Information has emerged that the Liberian man who took Ebola to America was in the country to marry his fiance.
MailOnline reports that Thomas Eric Duncan(pictured) was to wed, an American-Liberian Louise Troh in a ceremony which would have paved the way to him staying in the U.S. permanently – and escape his native Liberia.
Mark Wingfield, associate pastor at Wilshire Baptist Church, told MailOnline: ‘Louise told our senior pastor on Thursday that Mr. Duncan had come to the US to marry her and start a new life.
‘Those are her words to describe the situation’
Until that point he had not even heard of Duncan and there were no plans he was aware of for a wedding, he added.
The revelation may explain why Duncan, who was exposed to Ebola days before he was due to travel to the U.S. when he helped a sick woman who later died, lied on a form to get out of Liberia.
Duncan replied ‘no’ when he filled out a form asking if he had been exposed to the Ebola virus before he boarded the plane in Liberia. He now faces prosecution there.
Until three years ago he had been living in a refugee camp in Ghana because he was unable to return home due to a civil war in Liberia – and on his arrival just about scraped a living tinkering with cars and bartering.
Duncan arrived in the U.S. on September 20 and is believed to have come on a tourist visa in what was his first trip to America.
Up to 100 people including five schoolchildren were exposed to him while he was infected – health authorities in Texas now say that 10 people are of particular concern.
An email about his marriage was also sent to the congregation of the Wilshire Baptist Church in Dallas, where Troh is a member, by senior pastor George Mason.
It read: ‘Louise and other members of her extended family are in isolation now because of their contact with Mr. Duncan.
You can imagine how frightening this must be for all of them, mixed with the sadness of Mr. Duncan’s diagnosis.’
Duncan, 42, and Troh, 54, appear to have a relationship of some king going back many years and have at least one child together.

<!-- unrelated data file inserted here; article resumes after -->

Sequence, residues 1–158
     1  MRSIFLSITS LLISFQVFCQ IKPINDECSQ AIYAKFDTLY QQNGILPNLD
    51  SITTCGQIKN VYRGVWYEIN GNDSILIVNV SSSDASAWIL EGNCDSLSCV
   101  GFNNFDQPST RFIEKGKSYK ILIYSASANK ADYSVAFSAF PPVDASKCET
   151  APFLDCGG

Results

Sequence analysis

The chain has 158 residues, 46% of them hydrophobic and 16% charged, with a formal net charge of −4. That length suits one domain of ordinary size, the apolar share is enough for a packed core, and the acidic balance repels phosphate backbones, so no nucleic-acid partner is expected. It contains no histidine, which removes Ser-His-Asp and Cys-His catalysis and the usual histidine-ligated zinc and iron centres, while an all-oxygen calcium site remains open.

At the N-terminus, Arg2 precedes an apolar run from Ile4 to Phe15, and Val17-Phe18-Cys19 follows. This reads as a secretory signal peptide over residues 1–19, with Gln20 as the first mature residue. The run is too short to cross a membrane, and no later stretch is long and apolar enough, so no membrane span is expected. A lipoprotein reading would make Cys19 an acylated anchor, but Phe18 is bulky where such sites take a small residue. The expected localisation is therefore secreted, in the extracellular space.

Duncan had good reason to escape his life in Libera – it is ground zero for the worst outbreak of Ebola in history which has so far claimed more than 3,000 lives.
Duncan has also suffered personal tragedy and one of his brothers recently died too.
According to the New York Times he spent the last year working as a driver for a cargo company until he suddenly quit on September 4 after a visit from his sister.
Troh, a caregiver, arrived in the US in the late 1990s from Liberia and settled in Massachusetts where her immediate family still live.
She got a social security number and has dozens of immediate and extended family members in America stretching from Maryland to Minnesota.
She married her ex-husband Joe Joe Jallah though they have now divorced.
Troh has been living in the Ivy Apartments, a run-down complex of homes in the suburb of North Dallas.
Mr Wingfield said that Troh joined the church a year ago and that she was a ‘loved’ member of the congregation.
He said that she and some of her family were regular attendees at an adult Bible studies class on Sunday mornings, where she had made lots of friends.
Mr Wingfield described Troh as the ‘matriarch’ of a large number of her family and said that she was ‘at the centre of that network’.
He said: ‘If anything happened to her it would be devastating to that entire family’.
The area is home to many immigrants and dozens of languages are spoken in the area.
Residents told MailOnline that gangs were a problem and that people moved in and out every few months with little sense of community.
Troh appears to have been a regular visit to Liberia and on her Facebook page ‘checked in’ as being into Monrovia as recently as August 11.
According to visapro.com it is possible to marry on a tourist visa but there are a number of issues.
If somebody in such a position gets married within 30 days of arriving in the US it is frowned upon by the authorities.
However even if Duncan’s application would have been denied the marriage would have bought him months in the US whilst it was processed.
Visapro says: ‘Once you have married and filed for adjustment of status you will not be able to leave the US until you apply for and receive advance parole or your green card.
‘If you leave the country before receiving one of these two documents, you will not be allowed to re-enter the US.’